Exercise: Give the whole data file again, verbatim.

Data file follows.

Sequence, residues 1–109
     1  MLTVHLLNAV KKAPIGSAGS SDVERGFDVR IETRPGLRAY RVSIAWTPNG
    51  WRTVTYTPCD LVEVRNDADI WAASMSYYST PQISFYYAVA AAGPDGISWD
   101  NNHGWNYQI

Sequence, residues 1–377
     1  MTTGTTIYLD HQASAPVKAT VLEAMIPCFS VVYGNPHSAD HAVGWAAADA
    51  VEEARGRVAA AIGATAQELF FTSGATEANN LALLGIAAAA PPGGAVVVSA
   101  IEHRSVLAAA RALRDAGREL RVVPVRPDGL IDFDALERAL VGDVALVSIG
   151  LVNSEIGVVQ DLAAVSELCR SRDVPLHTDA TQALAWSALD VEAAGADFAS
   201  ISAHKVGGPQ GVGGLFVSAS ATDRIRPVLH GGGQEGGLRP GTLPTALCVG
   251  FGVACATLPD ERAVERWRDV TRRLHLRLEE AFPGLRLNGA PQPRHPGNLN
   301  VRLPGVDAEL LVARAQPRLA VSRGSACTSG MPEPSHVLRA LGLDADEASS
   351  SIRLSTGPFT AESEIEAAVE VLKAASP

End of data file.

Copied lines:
Sequence, residues 1–109
     1  MLTVHLLNAV KKAPIGSAGS SDVERGFDVR IETRPGLRAY RVSIAWTPNG
    51  WRTVTYTPCD LVEVRNDADI WAASMSYYST PQISFYYAVA AAGPDGISWD
   101  NNHGWNYQI

Sequence, residues 1–377
     1  MTTGTTIYLD HQASAPVKAT VLEAMIPCFS VVYGNPHSAD HAVGWAAADA
    51  VEEARGRVAA AIGATAQELF FTSGATEANN LALLGIAAAA PPGGAVVVSA
   101  IEHRSVLAAA RALRDAGREL RVVPVRPDGL IDFDALERAL VGDVALVSIG
   151  LVNSEIGVVQ DLAAVSELCR SRDVPLHTDA TQALAWSALD VEAAGADFAS
   201  ISAHKVGGPQ GVGGLFVSAS ATDRIRPVLH GGGQEGGLRP GTLPTALCVG
   251  FGVACATLPD ERAVERWRDV TRRLHLRLEE AFPGLRLNGA PQPRHPGNLN
   301  VRLPGVDAEL LVARAQPRLA VSRGSACTSG MPEPSHVLRA LGLDADEASS
   351  SIRLSTGPFT AESEIEAAVE VLKAASP